Commercial Aircraft and Cold Temperatures

When frigid temperatures hit the north-central and north-eastern United States earlier this year, hundreds of flights were grounded or canceled due to the extreme weather. And that can make you wonder, what exactly makes cold weather so difficult for commercial flight? Just a hint, the problem is not what it seems.

Generally speaking, you might think cold weather involves an array of problems for an aircraft. From frost formation to snow accumulation, it seems like a total disaster for commercial flight. We will get to frost and snow, but, overall, aircraft are actually more efficient in lower temperatures. A colder temperature means less humidity and denser air. As a result, the aircraft engine is able to utilize a larger quantity of air/fuel mixture than it would at warmer temperatures. This process gives the aircraft engine parts more horsepower and allows it to take off and land more quickly. Often, this creates a smoother flight-feel and more efficient operation overall.

Aircraft also have numerous redundancy measures to ensure it stays heated at a proper temperature, and to ensure that frost does not form on the airframe, even in extremely cold weather. Components that have specific temperature requirements, such as fuel oil, hydraulic fluid, and internal combustion units, will have integrated systems to keep them heated; this might include preheaters or aircraft engine analyzers. As long as the aircraft is preheated and an aircraft engine preheating process is followed, the aircraft will have no problem maintaining its required temperatures for flight.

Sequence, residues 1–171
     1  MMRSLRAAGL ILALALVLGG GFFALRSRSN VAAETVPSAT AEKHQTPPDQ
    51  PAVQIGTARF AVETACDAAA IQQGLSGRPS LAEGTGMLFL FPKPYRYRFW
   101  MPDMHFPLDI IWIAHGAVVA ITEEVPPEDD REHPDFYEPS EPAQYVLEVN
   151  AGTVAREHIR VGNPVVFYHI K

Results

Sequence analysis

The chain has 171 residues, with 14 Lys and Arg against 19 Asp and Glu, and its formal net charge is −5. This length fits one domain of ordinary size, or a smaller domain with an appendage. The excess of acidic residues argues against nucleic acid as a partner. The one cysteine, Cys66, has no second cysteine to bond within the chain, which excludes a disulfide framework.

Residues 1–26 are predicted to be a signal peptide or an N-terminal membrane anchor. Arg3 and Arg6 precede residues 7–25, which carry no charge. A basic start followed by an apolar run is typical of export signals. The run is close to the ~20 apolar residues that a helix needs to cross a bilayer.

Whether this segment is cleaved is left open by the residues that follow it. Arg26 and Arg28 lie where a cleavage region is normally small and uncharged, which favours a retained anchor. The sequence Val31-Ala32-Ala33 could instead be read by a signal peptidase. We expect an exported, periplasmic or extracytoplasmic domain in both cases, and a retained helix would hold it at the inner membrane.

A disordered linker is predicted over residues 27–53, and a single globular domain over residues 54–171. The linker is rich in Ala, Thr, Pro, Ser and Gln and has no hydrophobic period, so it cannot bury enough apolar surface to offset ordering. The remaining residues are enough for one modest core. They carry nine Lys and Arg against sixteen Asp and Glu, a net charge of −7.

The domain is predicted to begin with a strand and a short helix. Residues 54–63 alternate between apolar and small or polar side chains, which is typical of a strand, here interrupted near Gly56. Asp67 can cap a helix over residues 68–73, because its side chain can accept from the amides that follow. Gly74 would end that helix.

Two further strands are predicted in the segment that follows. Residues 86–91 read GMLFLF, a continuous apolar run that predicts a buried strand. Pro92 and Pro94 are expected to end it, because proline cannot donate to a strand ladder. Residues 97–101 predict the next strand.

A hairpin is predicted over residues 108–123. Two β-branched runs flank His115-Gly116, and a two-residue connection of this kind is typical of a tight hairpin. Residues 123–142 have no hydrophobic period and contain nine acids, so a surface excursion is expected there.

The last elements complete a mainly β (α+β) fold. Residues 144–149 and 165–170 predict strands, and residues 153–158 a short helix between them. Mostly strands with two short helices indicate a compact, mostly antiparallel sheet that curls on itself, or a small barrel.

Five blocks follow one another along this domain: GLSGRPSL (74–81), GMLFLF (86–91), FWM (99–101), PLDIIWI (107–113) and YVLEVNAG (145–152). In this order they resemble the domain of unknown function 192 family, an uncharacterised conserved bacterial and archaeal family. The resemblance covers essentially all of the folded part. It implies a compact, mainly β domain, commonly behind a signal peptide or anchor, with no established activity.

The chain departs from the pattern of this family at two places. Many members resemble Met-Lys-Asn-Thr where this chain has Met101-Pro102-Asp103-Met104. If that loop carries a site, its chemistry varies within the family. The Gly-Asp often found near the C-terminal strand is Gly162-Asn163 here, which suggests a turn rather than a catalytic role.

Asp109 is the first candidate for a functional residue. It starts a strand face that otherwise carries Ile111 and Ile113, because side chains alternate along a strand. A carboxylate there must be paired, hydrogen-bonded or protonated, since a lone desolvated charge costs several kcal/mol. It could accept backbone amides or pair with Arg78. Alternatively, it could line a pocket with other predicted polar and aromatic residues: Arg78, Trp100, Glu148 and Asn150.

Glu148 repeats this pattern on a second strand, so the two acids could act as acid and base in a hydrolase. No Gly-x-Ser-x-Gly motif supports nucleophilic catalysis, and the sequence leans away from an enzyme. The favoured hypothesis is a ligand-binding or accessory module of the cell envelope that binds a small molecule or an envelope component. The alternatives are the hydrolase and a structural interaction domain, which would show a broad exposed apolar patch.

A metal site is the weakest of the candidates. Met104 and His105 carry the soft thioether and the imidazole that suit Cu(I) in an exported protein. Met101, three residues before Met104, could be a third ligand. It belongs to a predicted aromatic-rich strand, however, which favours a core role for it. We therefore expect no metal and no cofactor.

It’s critical to ensure that frost does not form on the airframe top of an aircraft. Even a small amount of frost can change the pattern of airflow over the aircraft surface, increasing drag and causing a multitude of other challenges. Most commercial airliners use antifreeze fluid to ensure this does not happen. A coat of the glycol-based fluid at the gate will ensure that frost does not form on the aircraft surface before it reaches higher altitudes. The airframe itself is built to withstand temperatures of around -40 to -70 ? while flying altitudes upwards of 30,000 ft. Due to vapor pressure in the air (vapor pressure dictates the formation of ice) frost cannot form at these altitudes.

Here’s the main issue for commercial flight— while aircraft are engineered to survive volatile conditions, cold weather is much harder on airport operations. There are no preheating methods for a frosted tarmac, nor for frozen jet fuel equipment. Despite the likelihood of hundreds of aircraft needing anti-icing treatment and jet fuel, an airport cannot keep ground operations workers outside for longer than 15 to 20 minutes at a time in frigid weather. Any addition of snow complicates air traffic control visibility, and related operations even further.

And that’s the gist of cold weather and its effect on an aircraft. Though aircraft fly more efficiently at colder temperatures, extreme cold weather is a nightmare for airport operations.

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